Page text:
How does a chef know when an elm tree is well-done?
When he’s cooked it in a 200-degree oven long enough, the deeply grooved bark is cured — and there are no carpenter bees left.
At Jonathan Justus’ new restaurant Black Dirt, which opens on Friday at 5070 Main Street, diners can look up at an organic chandelier made from Missouri hackberry tree emanating from the stump of an old elm.
“Conceptually, I wanted it to feel subterranean, like you are of the dirt,” Justus said of the striking fixture he created for his second restaurant.
He also wanted to offer a more casual environment than at his signature Justus Drugstore in Smithville, Missouri.
Justus grew up in Smithville and returned in 2007 from stints as a bike messenger in San Francisco and a chef in France to open a farm-to-table restaurant with his wife Camille Eklof. Over the next decade he created menus informed by a mix of obscure local ingredients and complicated techniques that turned his restaurant’s larder into a culinary science lab.
“The food at the Drugstore has always been very complex,” said Justus, who earned two James Beard nominations for his work there. “Some of the dishes took two to three months to develop, and after a while you’ve invested so much time that you had to charge more for them.”
Now the Drugstore will close for two to three months while Justus gets Black Dirt up and running. Opening a new 5,000-square-foot space that seats 135 is a leap in volume that requires a simpler menu at a more affordable price. So everything rings up at under $30.
The Black Dirt menu includes seafood, which is new for Justus, and a wider array of vegetarian, vegan and paleo options, including Eklof’s favorite: a chopped kale salad with broccoli, turmeric, pickled cabbage, dried cherries and pepitas in a fragrant lemon vinaigrette.
And the cocktails won’t go above $12.
“We can do really interesting things without making $18-$25 drinks,” Eklof said earlier this week, as bartenders, servers and cooks hurried in and out of a makeshift office she’d set up in a private dining space just off the main dining room.
Lower prices at the bar are possible this time around because artisan products, such as off-the-shelf shrubs and bitters, have become widely available. In the kitchen, the crew was at work running down which items are worth investing the time to make from scratch.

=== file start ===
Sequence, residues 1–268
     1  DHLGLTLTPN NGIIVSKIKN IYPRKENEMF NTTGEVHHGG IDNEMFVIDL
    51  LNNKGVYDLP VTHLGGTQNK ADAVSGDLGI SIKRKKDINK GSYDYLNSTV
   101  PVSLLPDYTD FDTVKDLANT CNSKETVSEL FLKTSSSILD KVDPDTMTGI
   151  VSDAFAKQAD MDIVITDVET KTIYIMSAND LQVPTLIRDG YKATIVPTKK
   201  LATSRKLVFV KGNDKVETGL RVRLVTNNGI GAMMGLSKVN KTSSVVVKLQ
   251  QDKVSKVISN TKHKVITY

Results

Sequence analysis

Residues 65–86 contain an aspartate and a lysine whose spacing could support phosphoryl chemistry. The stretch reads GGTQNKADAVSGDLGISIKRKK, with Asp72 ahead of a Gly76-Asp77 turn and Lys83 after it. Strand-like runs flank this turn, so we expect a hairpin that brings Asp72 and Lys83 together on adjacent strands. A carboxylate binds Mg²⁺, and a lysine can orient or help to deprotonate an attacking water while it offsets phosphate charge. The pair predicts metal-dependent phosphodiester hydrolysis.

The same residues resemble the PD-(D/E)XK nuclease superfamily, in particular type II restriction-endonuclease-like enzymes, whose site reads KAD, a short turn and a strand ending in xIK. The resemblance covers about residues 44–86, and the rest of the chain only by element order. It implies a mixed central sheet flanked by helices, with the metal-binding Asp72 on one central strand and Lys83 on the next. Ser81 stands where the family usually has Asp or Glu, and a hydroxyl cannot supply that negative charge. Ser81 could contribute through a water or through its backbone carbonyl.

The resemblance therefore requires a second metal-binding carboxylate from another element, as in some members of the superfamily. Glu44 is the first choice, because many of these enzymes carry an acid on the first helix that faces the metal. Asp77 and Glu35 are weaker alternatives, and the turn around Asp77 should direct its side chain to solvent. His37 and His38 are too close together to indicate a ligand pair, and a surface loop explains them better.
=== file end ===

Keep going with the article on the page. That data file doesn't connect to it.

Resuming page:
The bistro-style menu includes a Missouri “Caesar” in which lightly grilled romaine lettuce swims in a luxurious pool of egg yolk, lemon and garlic dressing with the anchovies swapped out for tails of sustainably raised trout; hefty chunks of cornmeal-dusted catfish stand in for the croutons, and the salad’s finished off with Shatto Farms “Lilly,” a cow’s milk cheese with “pocks and holes” that add a salty crunch.
For his version of a classic French duck gizzard salad, Justus has gone with chicken gizzards from Barham Family Farm in Kearney, Missouri. Instead of preparing a confit, he breads and fries the nuggets and serves them on a bed of salad greens drizzled with a buttermilk dressing, bypassing the standard mustard-based version.
Buttermilk, which will be cultured in-house, makes several appearances on the menu, including a buttermilk anglaise accompanying the gluten-free chocolate cake with peanut butter cream, house-made graham crackers and strawberry compote.
No bistro menu would be complete without a classic bistro burger on a house-made sesame seed bun, but Justus is adding fries that require a three-day process to get the fluffy interior just right.
“When a French fry is cooked all the way through it should wobble like a pencil,” Justus told his kitchen staff as they fired up the fryers in the brand-new kitchen space.
The crisp, golden fries also get a faint dusting of berbere, an Ethiopian spice mixture with a subtle heat, and are served with house-made ketchup and chipotle mayo.
Asked to name the dish that sums up his latest culinary transformation, Justus chose a simple salad of roasted carrots, orange wheels and avocado slices with an olive oil, lime, coriander vinaigrette and a dash of sea salt.
“That salad exemplifies what Black Dirt is all about,” he said. “It has such a few ingredients but they’re not exotic, and they’re put together in a creative way.”
Jill Wendholt Silva is a James Beard award-winning food editor and writer. Follow her on Twitter and Instagram at @jillsilvafood.